a great example is the multiple outbreaks in nursing home/rehab facilities.

the majority of the time, those people aren't leaving. Asymptomatic (or slightly symptomatic who don't want to call out for a variety of reasons) employees and family members are bringing it in. 

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9 minutes ago, weathafella said:

It’s been happening for 2 weeks-not enough time.  Are you aware of the St. Louis vs Philadelphia episodes during 1918?  Philly let a parade happen and their caseload and mortality sky rocketed.  St. Louis cancelled public gatherings and the curve clearly flattened.

the average incubation period has been 5 days, with systemic resolution in 5 more...  There are cases that took 14 days to present; at the other end, in as little as 2 days. But by and large, 2 weeks is enough time to register an acceleration - so..logic argues alone there's a hidden factor in 'where' these are coming from that extends beyond just 'spreading'.

 

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Just now, RUNNAWAYICEBERG said:

We are the richest but not the smartest. 

Clearly.  Our COVID response is by far the worst of any western democracy.  It may actually be the worst of any country in the world.  We did literally everything wrong.  And our federal leaders continue to do almost everything wrong.  Thank god we have governors to fill the void.

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1 minute ago, RUNNAWAYICEBERG said:

That's by total GDP, which makes no sense. If you have a trillion people each producing a dollar, that doesn't mean your trillion dollar GDP makes you a rich country. You have to look at per capita data 

https://en.m.wikipedia.org/wiki/List_of_countries_by_GDP_(PPP)_per capita

 

 

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2 minutes ago, alex said:

That's by total GDP, which makes no sense. If you have a trillion people each producing a dollar, that doesn't mean your trillion dollar GDP makes you a rich country. You have to look at per capita data 

https://en.m.wikipedia.org/wiki/List_of_countries_by_GDP_(PPP)_per capita

 

 

See the link. They list by capita first. 

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Just now, Typhoon Tip said:

Yes .. and if so, why are we not seeing results in the U.S. ? 

I'm not asking you per se or the question - it's rhetorical in nature, trying to lead folks into the 'possibility' that what the present statistical behavior is reflecting is less 'spreading,' perhaps more so where it already is -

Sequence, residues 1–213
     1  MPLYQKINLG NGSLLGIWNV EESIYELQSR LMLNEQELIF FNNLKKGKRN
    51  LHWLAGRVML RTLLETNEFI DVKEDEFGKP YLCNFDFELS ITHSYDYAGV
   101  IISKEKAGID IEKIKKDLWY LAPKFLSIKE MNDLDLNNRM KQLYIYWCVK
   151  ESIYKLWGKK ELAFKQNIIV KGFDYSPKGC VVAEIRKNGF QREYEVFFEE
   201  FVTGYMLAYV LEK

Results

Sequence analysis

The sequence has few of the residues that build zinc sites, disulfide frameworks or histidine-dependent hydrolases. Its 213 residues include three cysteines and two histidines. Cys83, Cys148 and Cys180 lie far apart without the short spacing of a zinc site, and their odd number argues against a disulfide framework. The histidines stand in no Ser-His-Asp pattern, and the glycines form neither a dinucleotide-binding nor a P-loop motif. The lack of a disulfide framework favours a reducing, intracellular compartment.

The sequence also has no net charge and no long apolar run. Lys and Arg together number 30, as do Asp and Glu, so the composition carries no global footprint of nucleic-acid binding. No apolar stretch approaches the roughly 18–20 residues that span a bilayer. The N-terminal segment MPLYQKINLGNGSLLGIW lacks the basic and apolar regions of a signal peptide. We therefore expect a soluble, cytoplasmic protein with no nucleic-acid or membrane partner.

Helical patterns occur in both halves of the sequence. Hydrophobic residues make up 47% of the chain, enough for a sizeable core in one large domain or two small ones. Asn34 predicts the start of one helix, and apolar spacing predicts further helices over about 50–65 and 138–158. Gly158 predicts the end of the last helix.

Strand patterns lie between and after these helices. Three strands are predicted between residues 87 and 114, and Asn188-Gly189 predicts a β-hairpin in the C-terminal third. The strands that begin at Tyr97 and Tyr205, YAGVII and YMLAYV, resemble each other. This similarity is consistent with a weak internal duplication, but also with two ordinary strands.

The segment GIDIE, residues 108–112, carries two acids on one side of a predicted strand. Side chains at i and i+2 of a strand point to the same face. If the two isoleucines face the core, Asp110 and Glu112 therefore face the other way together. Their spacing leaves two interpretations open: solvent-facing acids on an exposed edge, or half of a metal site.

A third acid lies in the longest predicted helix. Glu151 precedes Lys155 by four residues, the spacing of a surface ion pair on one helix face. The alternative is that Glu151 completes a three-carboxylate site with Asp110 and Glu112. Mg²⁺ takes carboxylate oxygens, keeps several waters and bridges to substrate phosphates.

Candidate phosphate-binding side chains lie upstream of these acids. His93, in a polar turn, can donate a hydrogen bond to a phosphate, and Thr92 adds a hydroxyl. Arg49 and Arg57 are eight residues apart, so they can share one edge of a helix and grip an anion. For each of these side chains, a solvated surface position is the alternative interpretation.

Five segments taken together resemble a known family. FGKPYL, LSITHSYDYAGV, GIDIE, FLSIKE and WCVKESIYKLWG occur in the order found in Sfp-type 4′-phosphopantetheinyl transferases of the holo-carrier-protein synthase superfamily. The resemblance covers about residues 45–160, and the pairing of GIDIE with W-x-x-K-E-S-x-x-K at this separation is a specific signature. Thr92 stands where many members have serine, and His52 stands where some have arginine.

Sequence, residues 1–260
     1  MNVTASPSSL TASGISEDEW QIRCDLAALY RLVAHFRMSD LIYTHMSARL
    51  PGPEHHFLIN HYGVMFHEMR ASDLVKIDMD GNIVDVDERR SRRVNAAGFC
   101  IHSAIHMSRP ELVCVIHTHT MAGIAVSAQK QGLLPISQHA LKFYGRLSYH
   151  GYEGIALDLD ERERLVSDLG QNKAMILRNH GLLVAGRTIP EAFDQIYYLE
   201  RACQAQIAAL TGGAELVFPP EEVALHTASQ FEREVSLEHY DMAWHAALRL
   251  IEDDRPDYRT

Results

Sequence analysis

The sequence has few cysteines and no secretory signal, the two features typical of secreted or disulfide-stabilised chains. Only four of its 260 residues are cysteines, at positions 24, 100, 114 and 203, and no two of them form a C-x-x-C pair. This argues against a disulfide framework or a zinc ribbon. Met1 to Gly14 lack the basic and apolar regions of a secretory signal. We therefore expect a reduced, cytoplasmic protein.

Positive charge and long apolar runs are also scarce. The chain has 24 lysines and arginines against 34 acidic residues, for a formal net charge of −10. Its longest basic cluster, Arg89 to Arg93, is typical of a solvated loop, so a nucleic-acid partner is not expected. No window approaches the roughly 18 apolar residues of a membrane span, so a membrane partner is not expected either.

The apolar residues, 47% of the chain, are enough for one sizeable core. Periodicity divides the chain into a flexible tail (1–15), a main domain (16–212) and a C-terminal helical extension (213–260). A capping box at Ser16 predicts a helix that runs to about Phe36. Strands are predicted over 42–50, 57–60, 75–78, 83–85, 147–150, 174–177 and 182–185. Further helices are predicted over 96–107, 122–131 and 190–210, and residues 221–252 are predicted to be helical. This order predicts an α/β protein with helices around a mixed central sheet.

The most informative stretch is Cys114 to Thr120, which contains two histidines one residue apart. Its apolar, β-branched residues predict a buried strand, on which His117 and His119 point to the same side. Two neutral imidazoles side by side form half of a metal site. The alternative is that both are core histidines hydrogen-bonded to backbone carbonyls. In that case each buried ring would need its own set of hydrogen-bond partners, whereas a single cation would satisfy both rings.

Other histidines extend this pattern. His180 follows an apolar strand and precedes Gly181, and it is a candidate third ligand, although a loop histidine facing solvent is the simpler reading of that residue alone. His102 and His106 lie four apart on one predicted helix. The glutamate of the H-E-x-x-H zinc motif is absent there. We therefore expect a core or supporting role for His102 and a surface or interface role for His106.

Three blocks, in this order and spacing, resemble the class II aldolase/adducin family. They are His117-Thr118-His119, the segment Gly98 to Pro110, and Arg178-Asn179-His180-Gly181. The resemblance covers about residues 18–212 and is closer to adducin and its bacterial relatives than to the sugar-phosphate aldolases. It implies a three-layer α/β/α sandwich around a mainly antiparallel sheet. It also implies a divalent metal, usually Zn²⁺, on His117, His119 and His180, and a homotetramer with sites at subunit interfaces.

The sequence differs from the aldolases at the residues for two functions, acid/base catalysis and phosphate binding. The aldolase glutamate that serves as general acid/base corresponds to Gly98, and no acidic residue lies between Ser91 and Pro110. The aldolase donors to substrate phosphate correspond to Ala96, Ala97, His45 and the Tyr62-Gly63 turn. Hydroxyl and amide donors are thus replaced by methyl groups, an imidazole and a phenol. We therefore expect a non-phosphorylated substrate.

I think that 'could be' an important distinction, because I actually foresee this as non-sustainable, what the gov and society is asking of itself, and people will eventually revolt if they do not see results ... That distinction - if proven true - needs to be conveyed, so people understand that it may actually BE working, just sort of invisibly lost in the in situ detection - otherwise, these measures collapse given time.

We are seeing results if you look closely at daily rates of infection and hospitalization locally in places like NYC.

But the reasons why the total numbers continue to rise in spite of physical distancing are as follows:

1) We are still testing-contrained.  That means the true case number is vastly underreported, and the statistics are playing catchup.

2) The virus incubation period is about 5 days on average with a lot of variation.  On top of that, it can take several days for symptoms to progress to the level where people seek medical attention.  And then another few days to get a test result.  So we're talking about a 1-2 week lag period in the data.

3) A lot of people still aren't taking this seriously enough.  Young people think they are invincible, and asymptomatic people think they aren't contageous.

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10 minutes ago, Typhoon Tip said:

the average incubation period has been 5 days, with systemic resolution in 5 more...  There are cases that took 14 days to present; at the other end, in as little as 2 days. But by and large, 2 weeks is enough time to register an acceleration - so..logic argues alone there's a hidden factor in 'where' these are coming from that extends beyond just 'spreading'.

 

John, 2 weeks isn’t enough time.  Cases are increasing exponentially but in places putting flatten curve guidance in a month ago it’s working such as Washington state.

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Just now, RUNNAWAYICEBERG said:

See the link. They list by capita first. 

Which shows the US at #7. Exactly my point. 

  1. Luxembourg (GDP per capita: $119,719)
  2. Norway (GDP per capita: $86,362)
  3. Switzerland (GDP per capita: $83,832)
  4. Ireland (GDP per capita: $81,477)
  5. Iceland (GDP per capita: $78,181)
  6. Qatar (GDP per capita: $65,062)
  7. The United States of America (GDP per capita: $64,906)
  8. Denmark (GDP per capita: $63,434)
  9. Singapore (GDP per capita: $62,690)
  10. Australia (GDP per capita: $58,824)

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12 minutes ago, Typhoon Tip said:

the average incubation period has been 5 days, with systemic resolution in 5 more...  There are cases that took 14 days to present; at the other end, in as little as 2 days. But by and large, 2 weeks is enough time to register an acceleration - so..logic argues alone there's a hidden factor in 'where' these are coming from that extends beyond just 'spreading'.

 

And lots of infected folks still rolling into nyc and out of nyc.